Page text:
Sopko says besides the huge flow of money and the history of corruption, there are large numbers of people trying to help.

"The other big lesson to be learned is we approach these problems with what we call a whole of government approach," Sopko says. "That means we have multiple agencies. I think we have over 17 different agencies currently U.S. alone, currently operating in Ukraine. There are like 30 some countries operating in Ukraine. A number of international organizations. So you got the EU, you got all the EU countries. That is overwhelmingly confusing and it needs to be coordinated."

Sopko says it's not only important to coordinate, keep an eye on the money and how it's spent. But you can't do it from Washington, or London or Berlin or even Poland next door.

"We need people on the ground," Sopko says. "You cannot do oversight remotely. I don't care what people tell you. You cannot do it. Trust me. I've been doing this for almost 50 years."

Still, that could pose problems for investigators in a war zone where there are no U.S. military "boots on ground," like the American forces who assisted Sopko and his investigators as they traveled around Afghanistan. Ukraine, with its vast front-line, Russian air and missile strikes is far more hazardous.

A question of oversight

Sopko says there are now three U.S. inspectors general in Ukraine. One for the Pentagon, another for the State Department and still another for USAID. Each is looking at their own department.

That's why the White House opposes a special inspector general for Ukraine, saying in a statement last month there are "multiple investigations regarding every aspect of (U.S.) assistance."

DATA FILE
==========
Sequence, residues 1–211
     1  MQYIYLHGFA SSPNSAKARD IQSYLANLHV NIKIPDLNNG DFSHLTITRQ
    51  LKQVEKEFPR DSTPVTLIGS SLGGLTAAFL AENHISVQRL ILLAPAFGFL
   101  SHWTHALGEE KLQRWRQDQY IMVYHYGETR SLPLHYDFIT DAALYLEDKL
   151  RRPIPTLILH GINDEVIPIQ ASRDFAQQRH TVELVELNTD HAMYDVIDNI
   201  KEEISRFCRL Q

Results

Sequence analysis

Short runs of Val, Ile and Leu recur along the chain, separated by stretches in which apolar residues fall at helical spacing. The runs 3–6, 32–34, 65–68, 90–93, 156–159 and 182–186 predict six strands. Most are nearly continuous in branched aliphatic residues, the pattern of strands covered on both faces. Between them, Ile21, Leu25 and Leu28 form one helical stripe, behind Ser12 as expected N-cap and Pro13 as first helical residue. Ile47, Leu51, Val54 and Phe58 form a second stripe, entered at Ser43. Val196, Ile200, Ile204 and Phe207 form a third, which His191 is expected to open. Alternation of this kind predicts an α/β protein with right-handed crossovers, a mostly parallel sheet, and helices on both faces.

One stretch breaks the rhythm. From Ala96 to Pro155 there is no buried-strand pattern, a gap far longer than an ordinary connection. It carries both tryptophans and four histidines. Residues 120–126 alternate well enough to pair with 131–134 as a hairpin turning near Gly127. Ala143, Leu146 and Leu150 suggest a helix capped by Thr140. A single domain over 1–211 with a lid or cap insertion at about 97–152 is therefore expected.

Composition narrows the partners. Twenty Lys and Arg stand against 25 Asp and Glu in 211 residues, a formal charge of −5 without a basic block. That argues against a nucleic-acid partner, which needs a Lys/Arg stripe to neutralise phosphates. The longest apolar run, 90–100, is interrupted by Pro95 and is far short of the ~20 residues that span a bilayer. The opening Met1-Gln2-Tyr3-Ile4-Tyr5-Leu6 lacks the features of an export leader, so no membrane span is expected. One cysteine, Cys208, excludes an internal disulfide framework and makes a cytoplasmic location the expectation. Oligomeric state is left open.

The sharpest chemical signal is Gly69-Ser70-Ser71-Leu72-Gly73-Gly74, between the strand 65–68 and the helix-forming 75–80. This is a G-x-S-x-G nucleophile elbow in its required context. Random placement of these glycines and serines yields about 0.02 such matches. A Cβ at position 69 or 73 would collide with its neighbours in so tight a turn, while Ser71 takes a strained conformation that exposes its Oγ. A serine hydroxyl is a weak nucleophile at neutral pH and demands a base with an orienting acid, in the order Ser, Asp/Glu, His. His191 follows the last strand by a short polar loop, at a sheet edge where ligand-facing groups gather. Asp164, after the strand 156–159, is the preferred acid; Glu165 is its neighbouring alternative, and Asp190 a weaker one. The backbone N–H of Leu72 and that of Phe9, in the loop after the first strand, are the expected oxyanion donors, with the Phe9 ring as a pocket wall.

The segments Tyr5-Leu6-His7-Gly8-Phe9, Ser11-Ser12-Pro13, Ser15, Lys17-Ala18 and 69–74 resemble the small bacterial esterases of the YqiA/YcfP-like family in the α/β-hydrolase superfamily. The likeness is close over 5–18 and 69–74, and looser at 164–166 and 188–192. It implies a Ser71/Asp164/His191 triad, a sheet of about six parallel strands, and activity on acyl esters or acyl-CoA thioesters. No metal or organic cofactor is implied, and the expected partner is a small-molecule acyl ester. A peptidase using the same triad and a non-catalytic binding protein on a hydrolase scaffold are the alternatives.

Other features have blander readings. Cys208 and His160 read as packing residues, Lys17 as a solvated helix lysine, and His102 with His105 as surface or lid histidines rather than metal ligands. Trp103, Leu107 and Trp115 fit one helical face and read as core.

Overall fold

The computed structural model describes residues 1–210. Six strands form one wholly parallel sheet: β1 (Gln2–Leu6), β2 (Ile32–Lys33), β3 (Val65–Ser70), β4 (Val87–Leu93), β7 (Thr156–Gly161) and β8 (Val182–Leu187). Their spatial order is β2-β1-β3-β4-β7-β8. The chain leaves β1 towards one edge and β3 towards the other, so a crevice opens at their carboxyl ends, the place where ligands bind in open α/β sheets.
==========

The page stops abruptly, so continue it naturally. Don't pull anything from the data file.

"I mean, my experience is the more the merrier," Sopko says. "A special IG has jurisdiction to look at the whole of the government in the whole of governments. That's how they set up when special IGs are created. They can look at all agencies, any U.S. government agency operating in the country or the area of authority."

Looking back on Afghanistan and his work since 2012, was it successful?

"Well, those people we indicted got convicted," he said. "Those people who committed fraud that we could find, we punished them. Did it fail? Well, I didn't do the war fighting. We gave them the facts of what the problems were. You know, I can't do anything more than that. And no IG can do that. Our job is to present the facts and make recommendations on how to improve things."

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Corruption in Afghanistan offers lessons for billions going to Ukraine (2024)


What is Afghanistan ranked in corruption? ›

Transparency International's 2023 Corruption Perceptions Index ranks the country in 162nd place out of 180 countries. The 180 countries of the Index are scored on a scale from 0 ("highly corrupt") to 100 ("very clean") according to the perceived corruption in the public sector, and then ranked by their score.